Humans have been preserving food through fermentation for Thousands of years. Only now are the benefits of fermented food and drinks been researched. We asked The Cultured Community what are the benefits of fermented food and beverages?
Wayne Johnson of New Brixton Brewery, commented on fermented product’s social associations,” I find the social benefits the most interesting. It is fascinating to see how people gather, rally around and even obsess about the production and consumption of fermented beverages. From sharing a bottle of wine with friends, to a loose association of individuals that inhabit a particular coffee shop, to multinational corporations, fermentation is woven into the fabric of society”.
Paul Newman, The Home Brewer’s Shop, observed that fermented recipes should be revived and that our current generations have all but forgotten the art. ” The benefits of fermented foods have been understood for a lot longer than we care to admit. Somehow we believed that we could not make a better product than we could buy. So successive generations have forgotten how to make more and more food’.
George continued to argue that “Some of these products were very complex but at the same time simple but sound. By way of a quick example: A bread baking yeast cube made from yeast derived from potatoes and preserved against contamination by bacteria with wild hops! what brought this practice to a halt? The commercial production of yeast cake like Fleischmann’s etc. were so cheap and easy (so we put up with a little drop in quality) to use people stopped doing it the hard (right, better, healthier) way. I have a bunch of examples like this and heaps of food products that really deserve to be made in homes again”.
Tim Godfrey, after three decades of commercial brewing has retired to kombucha, sauerkraut and kimchi fermenting and talks on Zen and the Art of Distilling. “I’ve studied the importance of the gut biome quite a bit. Good book on the topic is David Perlmutter – Brain maker. The power of gut Microbes to heal and protect your brain for life. For a short free e-book on the subject head here
Fermented food rich in probiotics are purported to improve digestion, boost immunity, promote a healthy weight and more. Read about 7 Must Eat Fermented Foods For a Healthy Gut.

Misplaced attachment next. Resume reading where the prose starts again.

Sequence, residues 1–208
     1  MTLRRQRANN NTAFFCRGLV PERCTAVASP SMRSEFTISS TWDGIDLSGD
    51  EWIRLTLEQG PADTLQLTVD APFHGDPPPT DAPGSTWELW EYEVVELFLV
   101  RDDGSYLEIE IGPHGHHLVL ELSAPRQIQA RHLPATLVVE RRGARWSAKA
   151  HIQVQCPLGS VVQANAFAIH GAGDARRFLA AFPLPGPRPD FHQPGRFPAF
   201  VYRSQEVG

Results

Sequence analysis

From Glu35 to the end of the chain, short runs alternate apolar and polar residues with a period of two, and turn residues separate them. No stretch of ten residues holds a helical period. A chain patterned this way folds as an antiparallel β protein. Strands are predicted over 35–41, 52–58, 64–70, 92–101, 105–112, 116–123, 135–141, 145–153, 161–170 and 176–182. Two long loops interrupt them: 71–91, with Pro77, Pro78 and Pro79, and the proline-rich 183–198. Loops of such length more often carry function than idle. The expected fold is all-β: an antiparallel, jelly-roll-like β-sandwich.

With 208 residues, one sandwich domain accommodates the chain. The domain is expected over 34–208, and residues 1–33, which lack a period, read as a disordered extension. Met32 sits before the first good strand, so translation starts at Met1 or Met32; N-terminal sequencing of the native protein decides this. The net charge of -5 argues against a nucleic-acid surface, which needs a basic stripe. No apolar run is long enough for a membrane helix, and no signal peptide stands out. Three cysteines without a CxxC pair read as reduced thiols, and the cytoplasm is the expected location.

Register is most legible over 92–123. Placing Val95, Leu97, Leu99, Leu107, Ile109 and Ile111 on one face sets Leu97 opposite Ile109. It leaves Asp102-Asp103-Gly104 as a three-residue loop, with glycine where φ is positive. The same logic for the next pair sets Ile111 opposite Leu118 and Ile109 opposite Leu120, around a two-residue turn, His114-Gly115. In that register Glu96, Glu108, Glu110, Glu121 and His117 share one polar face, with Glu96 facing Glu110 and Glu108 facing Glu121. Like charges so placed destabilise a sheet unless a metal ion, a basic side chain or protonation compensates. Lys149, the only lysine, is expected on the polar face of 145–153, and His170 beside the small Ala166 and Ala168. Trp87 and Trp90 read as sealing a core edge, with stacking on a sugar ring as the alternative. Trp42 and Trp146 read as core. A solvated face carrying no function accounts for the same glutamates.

Lucy Shewell argues in her blog, Everything you always wanted to know about fermented foods that “the fermentation process enhances the nutritional quality of food by contributing beneficial compounds such as vitamins, and by increasing the bioavailability of minerals”.
Alison Webster (PHD) argues in her article Microbial Misconceptions: Fermented Foods that it is important to understand that not all fermented products will live cultures. Food like freshly made kimchi and most fermented dairy products like yogurt and kefir can contain live cultures.
“However, by the time the final products like beer, wine, vinegar, sauerkraut, cured meats and sourdough bread reach store shelves, the bacteria have been killed or inactivated through processes like pasteurization, baking, or filtering”
The World Health Organization classifies a probiotic as, “live microorganisms that, when administered in adequate amounts, confer a health benefit on the host”
Gut health and understanding benefits of fermented foods could be the next evolutionary step to unlock more human potential.
Carl Nienaber, Drifter Brewing Company, is not bothered with the purported benefits but rather enjoys the curation of the transformation process.
Lucy Corne, Travel and Beer Writer, said that she cured a stomach aliment by consuming kimchi while living in South Korea. However noted that…
With anything that has not been comprehensively studied or understood there will always be speculation of benefits and risks. I asked the The Culture Community that I had heard via source that doctors are warning patients of fermented products like kombucha and kimchi due potential risks of gastric cancer. Are these doctors trying to push commission based modern pharmaceuticals or is there really a study into this?
Carel van Heerden, found one study into this which you can read here . The report backs up Lucy’s recollection and suggests that potential 50% higher risk of gastric cancer associated with intake of pickled vegetables/foods with estimated new annual cases, approximately half occur in Eastern Asia. It appears like everything in life that moderation and balance is key.
It seems this topic will continue as more studies are commissioned into the benefits and risks of fermented foods and beverages. One week is just not enough time.
To be continued…